We all do laundry, or are perhaps lucky enough to have someone who does laundry for us. Most of that wash is done in warm or hot water, because, regardless of the claims made for laundry detergents, most detergents don't work very well in cold water. Unfortunately, the wash water has to be heated, and given an average wash temperature of about 40°C (104°F), this uses around 5-10 kWh per load. If both the temperature of the water and the amount of water used in clothes washing could be cut in half, nearly a trillion kilowatt-hours of energy could be saved each year - 0.5% of the world's total energy use. All that is stopping us is finding better laundry detergents. That's where the diamonds come in.

The chemical engineering challenge presented by a load of wash is considerable. An average load of laundry contains 40-120 grams (1.4-4.2 oz) of dirt. This dirt is a witch's brew of proteins, carbs, starches, hydrocarbons, fats, minerals, clay, and other schmutz, mashed between and within the fibers of the various fabrics. Nearly all of this material is hydrophobic, that is, it actively repels water because it has lower surface energy than does water. (An alternate term is lipophilic, as the dirt is oil-like and is attracted to more oil.) So how do we get this hydrophobic dirt suspended in the wash water so it can be removed by draining and rinsing? This is the task of the laundry detergent.

Chemical structure of soap - the left end has the structure of an oil, while the right end has a structure that is attracted to water (Image: Smokefoot)

A basic detergent is also known as a surfactant. A surfactant is typically an organic molecule that has two separated chemical groups, one of which is hydrophilic, and the other of which is hydrophobic. In the figure above appears the oldest known surfactant - a simple soap. The soap molecule is essentially a linear hydrocarbon with a sodium salt at one end.

Schematic structure of a micelle. The hydrophilic end of the surfactant molecules rest in contact with the aqueous solution surrounding the micelle, while the hydrophobic (or lipophilic) chains remain in the oil droplet enclosed by the micelle (Image: Emmanuel Boutet via Wikimedia)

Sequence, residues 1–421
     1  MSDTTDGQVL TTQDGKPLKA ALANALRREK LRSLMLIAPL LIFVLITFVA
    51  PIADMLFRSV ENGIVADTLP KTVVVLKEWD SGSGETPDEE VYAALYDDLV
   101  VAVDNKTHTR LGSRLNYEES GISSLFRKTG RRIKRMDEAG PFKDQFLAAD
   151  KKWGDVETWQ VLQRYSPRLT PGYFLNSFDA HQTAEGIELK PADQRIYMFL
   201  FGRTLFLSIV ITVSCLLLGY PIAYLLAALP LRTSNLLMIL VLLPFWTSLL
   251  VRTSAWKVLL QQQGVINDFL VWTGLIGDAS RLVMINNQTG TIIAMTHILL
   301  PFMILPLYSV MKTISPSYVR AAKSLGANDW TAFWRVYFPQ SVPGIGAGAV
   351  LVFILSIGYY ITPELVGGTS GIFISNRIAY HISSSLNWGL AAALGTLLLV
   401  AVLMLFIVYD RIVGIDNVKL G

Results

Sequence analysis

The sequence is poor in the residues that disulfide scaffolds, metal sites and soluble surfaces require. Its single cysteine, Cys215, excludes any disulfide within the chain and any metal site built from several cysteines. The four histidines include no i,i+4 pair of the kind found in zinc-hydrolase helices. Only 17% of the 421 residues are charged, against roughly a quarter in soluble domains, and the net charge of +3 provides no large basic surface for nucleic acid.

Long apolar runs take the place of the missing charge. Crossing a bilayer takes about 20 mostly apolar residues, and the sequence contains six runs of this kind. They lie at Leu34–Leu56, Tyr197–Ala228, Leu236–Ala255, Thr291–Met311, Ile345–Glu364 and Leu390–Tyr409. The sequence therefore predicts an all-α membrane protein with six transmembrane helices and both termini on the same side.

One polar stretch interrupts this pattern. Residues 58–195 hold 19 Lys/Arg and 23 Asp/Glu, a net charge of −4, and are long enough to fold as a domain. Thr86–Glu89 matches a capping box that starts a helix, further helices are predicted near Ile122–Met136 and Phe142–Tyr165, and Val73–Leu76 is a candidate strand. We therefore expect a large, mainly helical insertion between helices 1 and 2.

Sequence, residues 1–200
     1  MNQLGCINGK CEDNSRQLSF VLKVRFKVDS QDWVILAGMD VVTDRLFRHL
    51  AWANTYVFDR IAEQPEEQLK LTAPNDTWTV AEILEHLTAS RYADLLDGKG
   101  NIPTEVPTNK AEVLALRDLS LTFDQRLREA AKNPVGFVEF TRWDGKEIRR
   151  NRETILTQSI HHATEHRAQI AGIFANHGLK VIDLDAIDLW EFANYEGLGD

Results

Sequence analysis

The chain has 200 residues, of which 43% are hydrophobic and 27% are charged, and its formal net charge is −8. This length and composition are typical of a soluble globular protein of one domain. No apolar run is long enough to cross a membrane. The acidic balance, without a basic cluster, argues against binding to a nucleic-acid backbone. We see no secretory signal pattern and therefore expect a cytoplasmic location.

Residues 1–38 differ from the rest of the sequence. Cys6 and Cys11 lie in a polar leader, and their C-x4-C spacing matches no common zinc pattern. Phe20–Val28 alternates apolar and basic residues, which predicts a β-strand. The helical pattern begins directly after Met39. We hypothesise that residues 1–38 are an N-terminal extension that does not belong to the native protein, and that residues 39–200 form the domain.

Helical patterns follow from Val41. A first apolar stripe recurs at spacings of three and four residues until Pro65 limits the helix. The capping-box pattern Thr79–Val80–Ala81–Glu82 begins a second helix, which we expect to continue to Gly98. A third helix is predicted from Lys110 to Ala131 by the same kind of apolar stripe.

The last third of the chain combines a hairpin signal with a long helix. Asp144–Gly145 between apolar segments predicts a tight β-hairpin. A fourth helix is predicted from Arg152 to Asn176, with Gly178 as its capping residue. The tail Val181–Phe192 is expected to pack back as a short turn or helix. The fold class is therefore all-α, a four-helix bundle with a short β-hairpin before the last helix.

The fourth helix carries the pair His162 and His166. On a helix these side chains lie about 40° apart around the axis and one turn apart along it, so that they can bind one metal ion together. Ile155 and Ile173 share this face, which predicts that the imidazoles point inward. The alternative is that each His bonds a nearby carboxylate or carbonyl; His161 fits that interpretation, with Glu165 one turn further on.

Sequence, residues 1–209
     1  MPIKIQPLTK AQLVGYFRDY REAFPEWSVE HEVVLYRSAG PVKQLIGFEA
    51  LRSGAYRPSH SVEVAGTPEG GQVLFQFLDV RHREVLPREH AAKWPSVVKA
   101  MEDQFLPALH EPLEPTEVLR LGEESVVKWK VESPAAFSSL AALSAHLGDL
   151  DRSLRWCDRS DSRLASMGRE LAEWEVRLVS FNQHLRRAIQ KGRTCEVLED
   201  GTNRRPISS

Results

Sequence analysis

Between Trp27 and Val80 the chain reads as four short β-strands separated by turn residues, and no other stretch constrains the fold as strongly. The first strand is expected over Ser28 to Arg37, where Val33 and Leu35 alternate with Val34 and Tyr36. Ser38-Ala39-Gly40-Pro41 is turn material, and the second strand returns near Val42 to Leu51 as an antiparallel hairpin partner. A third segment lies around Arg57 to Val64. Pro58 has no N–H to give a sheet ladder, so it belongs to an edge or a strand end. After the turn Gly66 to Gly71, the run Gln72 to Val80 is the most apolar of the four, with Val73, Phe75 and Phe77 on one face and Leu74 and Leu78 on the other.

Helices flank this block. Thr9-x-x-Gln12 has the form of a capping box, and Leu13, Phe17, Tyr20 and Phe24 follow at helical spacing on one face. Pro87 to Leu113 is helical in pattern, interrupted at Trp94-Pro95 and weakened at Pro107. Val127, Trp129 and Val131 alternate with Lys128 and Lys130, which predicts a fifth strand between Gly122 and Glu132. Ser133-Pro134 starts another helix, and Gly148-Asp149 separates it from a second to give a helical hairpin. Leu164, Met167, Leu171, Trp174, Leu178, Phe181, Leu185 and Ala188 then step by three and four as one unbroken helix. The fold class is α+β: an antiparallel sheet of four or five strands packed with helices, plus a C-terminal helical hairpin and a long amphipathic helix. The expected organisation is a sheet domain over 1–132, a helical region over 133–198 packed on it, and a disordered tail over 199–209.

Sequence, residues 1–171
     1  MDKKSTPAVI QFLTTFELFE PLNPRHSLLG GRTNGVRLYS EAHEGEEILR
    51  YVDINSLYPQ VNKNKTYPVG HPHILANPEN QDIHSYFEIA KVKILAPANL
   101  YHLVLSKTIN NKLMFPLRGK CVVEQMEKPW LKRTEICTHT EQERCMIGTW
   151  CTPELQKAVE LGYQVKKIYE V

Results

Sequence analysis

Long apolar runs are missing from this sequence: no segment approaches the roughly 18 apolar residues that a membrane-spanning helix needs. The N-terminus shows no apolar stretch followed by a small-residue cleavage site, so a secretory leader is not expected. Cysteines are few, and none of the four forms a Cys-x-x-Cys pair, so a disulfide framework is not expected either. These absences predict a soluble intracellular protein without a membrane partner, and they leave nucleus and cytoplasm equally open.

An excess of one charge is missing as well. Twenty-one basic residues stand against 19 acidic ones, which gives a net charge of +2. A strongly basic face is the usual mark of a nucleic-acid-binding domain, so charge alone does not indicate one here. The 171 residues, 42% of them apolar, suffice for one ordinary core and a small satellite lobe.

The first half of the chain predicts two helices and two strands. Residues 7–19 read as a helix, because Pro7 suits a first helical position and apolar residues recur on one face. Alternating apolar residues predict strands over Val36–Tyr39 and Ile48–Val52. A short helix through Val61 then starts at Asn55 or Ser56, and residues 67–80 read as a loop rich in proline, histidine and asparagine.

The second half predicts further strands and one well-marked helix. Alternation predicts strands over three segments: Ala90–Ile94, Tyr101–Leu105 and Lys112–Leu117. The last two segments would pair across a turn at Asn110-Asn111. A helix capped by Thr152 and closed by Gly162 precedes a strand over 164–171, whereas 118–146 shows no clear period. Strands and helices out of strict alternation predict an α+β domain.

When a surfactant is put in water and mechanically mixed with oil, the oil is taken up in micelles, as shown in the figure above. The surface of the micelles are happy in contact with water, so the oil can be separated into tiny droplets (perhaps 10-20 nm in size). Moreover, these micelles do not allow the oil to conglomerate into larger droplets, so that the oil remains suspended in the water. Removing the wash water and rinsing the laundry then removes most of the dirt.

A real laundry detergent includes more sophisticated surfactants than soap, usually so that they work better in hard water. In addition, laundry detergents are usually about 50 percent water softeners, chemicals added to remove calcium ions from the wash water. They may also include bleach, enzymes (to help degrade caked dirt so it can be solubilized), foaming agents, dye transfer inhibitors, fragrance, and many other additives.

Detergents do a remarkably good job with a very complex chemical process. However, most conventional detergents do not work well in cold water. The most difficult ingredients of the dirt to solubilize with detergents are crystallized fat and other lipid molecules - not too surprising, as we know grease sticks well to grease. Professor Andrew Marsh and his team at the University of Warwick decided to take on this problem.

They came up with the apparently crazy idea to add diamonds to laundry detergent to improve its cold washing ability. But let's dig down to discover why this approach isn't as silly as it might seem at first glance.